The National Legal Sanctuary for Community Advancement

Founded after 9/11, the National Legal Sanctuary for Community Advancement (NLSCA) prided itself as being the next chapter of the Civil Rights Movement. The organization was founded to ensure that Middle Eastern, Muslim, and South Asian people could maintain their human rights and dignity in the midst of America’s “War on Terror.”

In the aftermath of September 11th, the United States may have become a more tumultuous ground for certain ethnic communities, and the NLSCA wanted nothing more than to ensure equal opportunities for all races.

Why was the NLSCA Formed?

Post-9/11 discrimination became a serious issue in the United States after the NY city terrorist attacks. As a result, an enormous challenge presented itself to lawyers willing to represent these newly targeted communities. Before the NLSCA there was no organization prepared to challenge the new, unfair, and institutionalized perception of Middle Eastern, Muslin, and South Asian people.

The NLSCA represented hundreds of immigrants who were unlawfully stripped of their constitutional rights, immigrants who were being detained, deported, or unjustly investigated under the U.S.A. Patriot Act.

It’s hard to say whether or not the government’s “war on terror” against its own citizens is as harsh today as it was immediately after September 11th. But, without groups like the NLSCA to uphold our rights, the situation could arguably have been even worse.

The NLSCA’s Mission

The NLSCA advocated unity through diversity via:

1) The legal defense of civil rights

2) Responsible media coverage and depiction of Muslims, Middle Easterners, and South Asian people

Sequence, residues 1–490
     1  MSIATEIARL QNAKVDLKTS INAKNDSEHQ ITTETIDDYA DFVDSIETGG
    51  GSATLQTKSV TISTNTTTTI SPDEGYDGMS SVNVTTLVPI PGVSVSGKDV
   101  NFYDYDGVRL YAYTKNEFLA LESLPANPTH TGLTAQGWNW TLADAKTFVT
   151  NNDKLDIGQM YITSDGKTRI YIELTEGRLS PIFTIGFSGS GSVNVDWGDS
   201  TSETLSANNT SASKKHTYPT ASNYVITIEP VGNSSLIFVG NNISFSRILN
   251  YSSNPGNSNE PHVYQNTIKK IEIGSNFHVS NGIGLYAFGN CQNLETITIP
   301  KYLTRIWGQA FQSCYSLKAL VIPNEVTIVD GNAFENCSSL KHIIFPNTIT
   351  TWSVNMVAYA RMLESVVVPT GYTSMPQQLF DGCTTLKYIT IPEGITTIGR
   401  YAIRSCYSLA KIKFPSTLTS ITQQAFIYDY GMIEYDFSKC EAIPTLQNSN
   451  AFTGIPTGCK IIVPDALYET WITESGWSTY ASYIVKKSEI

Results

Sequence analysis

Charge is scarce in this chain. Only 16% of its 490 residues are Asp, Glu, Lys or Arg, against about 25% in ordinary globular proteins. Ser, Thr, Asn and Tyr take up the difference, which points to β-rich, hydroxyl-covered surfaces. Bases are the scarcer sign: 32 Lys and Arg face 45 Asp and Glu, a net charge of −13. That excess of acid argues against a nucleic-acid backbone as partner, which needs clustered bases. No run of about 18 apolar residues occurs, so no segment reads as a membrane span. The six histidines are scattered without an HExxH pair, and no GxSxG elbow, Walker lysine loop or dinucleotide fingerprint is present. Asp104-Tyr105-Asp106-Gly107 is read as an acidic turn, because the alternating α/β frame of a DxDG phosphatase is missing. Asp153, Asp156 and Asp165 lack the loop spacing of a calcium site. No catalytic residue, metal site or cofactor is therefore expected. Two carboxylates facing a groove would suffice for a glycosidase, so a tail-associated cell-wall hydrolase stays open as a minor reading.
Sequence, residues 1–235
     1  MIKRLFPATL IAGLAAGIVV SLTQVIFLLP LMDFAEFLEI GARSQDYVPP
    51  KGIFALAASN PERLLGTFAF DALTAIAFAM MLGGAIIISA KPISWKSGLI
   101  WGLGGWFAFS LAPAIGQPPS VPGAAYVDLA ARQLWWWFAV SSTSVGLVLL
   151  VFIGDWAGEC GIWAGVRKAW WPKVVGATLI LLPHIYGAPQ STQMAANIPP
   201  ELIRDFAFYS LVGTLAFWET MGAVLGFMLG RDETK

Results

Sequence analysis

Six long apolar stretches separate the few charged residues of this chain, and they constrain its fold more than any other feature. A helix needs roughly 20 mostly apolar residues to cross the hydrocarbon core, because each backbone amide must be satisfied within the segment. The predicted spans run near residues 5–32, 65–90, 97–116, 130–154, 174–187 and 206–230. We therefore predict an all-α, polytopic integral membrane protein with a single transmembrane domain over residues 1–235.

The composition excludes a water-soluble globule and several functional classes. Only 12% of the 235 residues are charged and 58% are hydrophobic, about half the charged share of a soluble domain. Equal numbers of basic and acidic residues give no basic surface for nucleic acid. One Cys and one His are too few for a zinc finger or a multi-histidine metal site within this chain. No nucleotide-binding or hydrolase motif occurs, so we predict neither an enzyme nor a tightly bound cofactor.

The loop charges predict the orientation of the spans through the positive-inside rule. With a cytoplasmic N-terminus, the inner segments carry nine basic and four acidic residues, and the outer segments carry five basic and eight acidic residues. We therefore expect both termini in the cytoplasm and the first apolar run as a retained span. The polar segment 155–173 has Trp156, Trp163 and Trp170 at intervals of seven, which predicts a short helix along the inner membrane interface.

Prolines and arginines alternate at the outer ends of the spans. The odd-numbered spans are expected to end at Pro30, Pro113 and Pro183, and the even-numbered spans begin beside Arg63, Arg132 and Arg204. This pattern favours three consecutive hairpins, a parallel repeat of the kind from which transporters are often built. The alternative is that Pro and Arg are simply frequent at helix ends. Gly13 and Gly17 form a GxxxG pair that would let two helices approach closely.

3) Proactive collaboration with governmental and non-governmental institutions

4) Fostering education and community outreach.

The NLSCA envisioned a society where every individual’s humanity is liberated in the pursuit of peace and equity for all. NLSCA was a first of its kind organization, serving communities in the San Francisco Bay Area and the United States.

Banafsheh Akhlaghi, CEO of NLSCA

In 2005, president and CEO of NLSCA Banafsheh Akhlaghi was recognized by the Daily Journal as one of the top 100 influential lawyers in California.

Martin berg, editor of the Daily Journal described how candidates are chosen for nomination by saying, “Some are power brokers and insiders… others fight for the powerless and those caught inside excesses of the war on terrorism… some are household names… others work along the cutting edge of technology or explore provocative ways of using old laws to tackle new problems.”

Essentially, this is the criteria that the Daily Journal uses to make its annual list.

The “Know your Rights” Fundraising Event

Though not the only fundraising event, the “Know your Rights” event was one of the most publicized for the NLSCA. At the event, Ms. Akhlaghi shared stories of men, women, and even entire families who were being held in U.S custody because of their ethnicity without due process.